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Services sector’s steady growth slowed by Brexit concerns

Confidence is still at levels which economists say would normally precede a slowdown.


More jobs were created in the services sector and staff wages increased (Graham Stuart/PA)

More jobs were created in the services sector and staff wages increased (Graham Stuart/PA)

More jobs were created in the services sector and staff wages increased (Graham Stuart/PA)

Britain’s services sector continued to grow in September, but Brexit concerns kept business optimism subdued.

The closely-watched Markit/CIPS services purchasing managers’ index (PMI) showed a reading of 53.9 in September, down from 54.3 in August.

A figure above 50 indicates growth.

Economists had been expecting a reading of 54.0.

Firms recorded slightly higher confidence in September, but political uncertainty around the outcome of Brexit negotiations weighed on growth projections.

Chris Williamson, chief business economist at IHS Market, which compiles the survey, said Brexit worries are “keeping business optimism firmly anchored at levels which would normally be indicated of an imminent slowdown”.

But he added that the solid growth pointed to “robust growth” in the UK economy since weather disruption affected businesses earlier in the year.

The reading was higher than the average for 2018 so far, which stands at 53.6.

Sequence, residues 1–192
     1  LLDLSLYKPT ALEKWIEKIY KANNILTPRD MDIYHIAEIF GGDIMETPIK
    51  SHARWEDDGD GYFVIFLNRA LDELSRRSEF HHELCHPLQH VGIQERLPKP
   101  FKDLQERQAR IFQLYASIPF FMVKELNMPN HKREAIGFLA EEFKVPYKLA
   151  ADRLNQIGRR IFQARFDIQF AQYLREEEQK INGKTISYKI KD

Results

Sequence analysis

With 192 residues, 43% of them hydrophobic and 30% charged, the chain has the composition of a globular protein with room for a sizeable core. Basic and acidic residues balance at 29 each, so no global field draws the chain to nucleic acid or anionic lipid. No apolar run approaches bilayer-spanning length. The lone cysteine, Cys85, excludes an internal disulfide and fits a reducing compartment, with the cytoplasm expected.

Higher business activity during the period was attributed to a solid increase in new work and competitive pricing strategies.

September marked the fastest rise in employment numbers for seven months, as firms upped their headcounts to alleviate stretched capacity and pursue expansion plans.

Staff shortages at services companies have now led to five months of an increasing backlog, with levels of unfinished work steadily rising.

This was good news for employees, with the tight labour market often pushing up starting salaries.

Samuel Tombs, chief UK economist at Pantheon Macroeconomics, said: “The economy remains a long way from overheating and growth will likely slow further if Brexit talks aren’t amicably concluded soon, given that firms are reporting to Markit that political uncertainty is weighing on budget setting and confidence.”

Meanwhile, Howard Archer, chief economic adviser at EY Item Club, said: “The slightly softer set of September PMI’s reinforce our belief that interest rates will rise again until after the UK leaves the EU in March 2019 given the major uncertainties that are occurring in the run-up to the UK’s departure.”

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